Then later on, because we live in a scary society where, especially in the US, but [also] in other places around the world, people can harm you using guns. You can be in a very safe space, or what you thought was a safe space, and [people can] hurt you and violate that safe space. That happened a number of times when I was in graduate school, [it] happened beyond on an annual basis; I think it was every couple of months at a certain point. There was one point, I believe November 2015, where three really awful incidents happened, and I just thought, 'Maybe I'm not cut out for this because I care too much.' I'd come to work and people were fine. I thought, 'There must be something wrong with me. Why am I so affected by this? Why do I care this much about people I've never met before?' It actually stirred me and bothered me to my core. I don't think I ever truly got over it. I got better at <voice break> taking time to be sad. But that's the part of grad school people don't talk about.
We talk about the unhealthy work environment that sometimes arises in some labs. We talk about how, you know, the expectations are so malleable, but also very high at the same time. We talk about how you're in this very bizarre stage in your life. The vast majority of us are right after undergrad. We're between the ages of 21 and 25, so we're technically adults. We don't really feel like adults because we're students and we're not being paid like adults, but we also need to take care of ourselves, make sure that we're trying to save, think about the future and perhaps setting up families, that kind of thing. And you neglect to bring up the fact that the world continues to go on outside of your little bubble. For a long time, I just didn't reconcile those two things of feeling so strongly about people losing their lives in a way that I thought was despicable, and having to show up to work every day [while] trying to figure out how I fit into this big academic society at the same time.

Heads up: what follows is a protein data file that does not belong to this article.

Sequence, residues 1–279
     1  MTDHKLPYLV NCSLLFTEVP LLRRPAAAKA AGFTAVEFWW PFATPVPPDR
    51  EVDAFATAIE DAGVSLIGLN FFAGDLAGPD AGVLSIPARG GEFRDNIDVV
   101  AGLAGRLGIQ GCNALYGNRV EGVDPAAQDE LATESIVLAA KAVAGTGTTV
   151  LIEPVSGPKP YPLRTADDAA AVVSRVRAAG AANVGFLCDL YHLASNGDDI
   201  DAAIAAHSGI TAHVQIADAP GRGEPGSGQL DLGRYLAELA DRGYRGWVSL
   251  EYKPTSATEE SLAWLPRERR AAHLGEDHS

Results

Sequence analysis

IT: I found a lot of people just create a bubble around themselves and shut themselves away from the world for the duration of their degree.
AB: And I understand why. It is easier that way. And that was the explanation that I told myself for why people didn't seem to be as affected as I was. And perhaps they were... Maybe they were hiding it the way I was for a very long time. Maybe they would go home and cry. Maybe they couldn't watch the news anymore. I just cannot watch the news—cannot do it. Maybe people are having their own singular experiences and I'm just not aware of it, but it did feel very isolating at times. Then when it felt like people like me, people who look like me, people who dress like me, were on the receiving end of certain hostility around the world, there were times I felt alone because showing up at work, there was no one who went, 'I get it. I know exactly what you're going through right now.'
IT: What about the times that you were the happiest? Because this obviously wasn't just the worst time of your life ever.
IT: I don't think anyone can go through that. There's obviously... There must be ups! <Chuckle>
AB: There are ups for sure. I was lucky enough to find a work-life balance that worked for me, and part of that meant finding someone I wanted to share my life with. Not a lot of people get married in grad school—I did! And it worked out pretty well, I would say.
IT: I agree.
AB: So far so good. It's been two and a bit years. We're almost two and—
IT: Two and a half, yeah.
AB: Yeah, we're gonna be at two and a half in February, which is so exciting and humbling that we want to do this together. We're taking off on this new journey and trying to be as supportive as possible to each other's mental wellbeing and professional success and hope and dreams. I also started doing SciComm when I was a PhD student. Science communication was not something I truly ever thought about in depth prior to my PhD, maybe because I had something to talk about and I had work that I really wanted to share and make accessible, so I started doing that. This podcast started when I was in graduate school, in my last year, and I also had other opportunities to engage with the community through things like Curiosity Collider and Community Conversations, which was run by NeuroEthics Canada. That collaboration has fostered even more connections through science communication. It's been really, really special.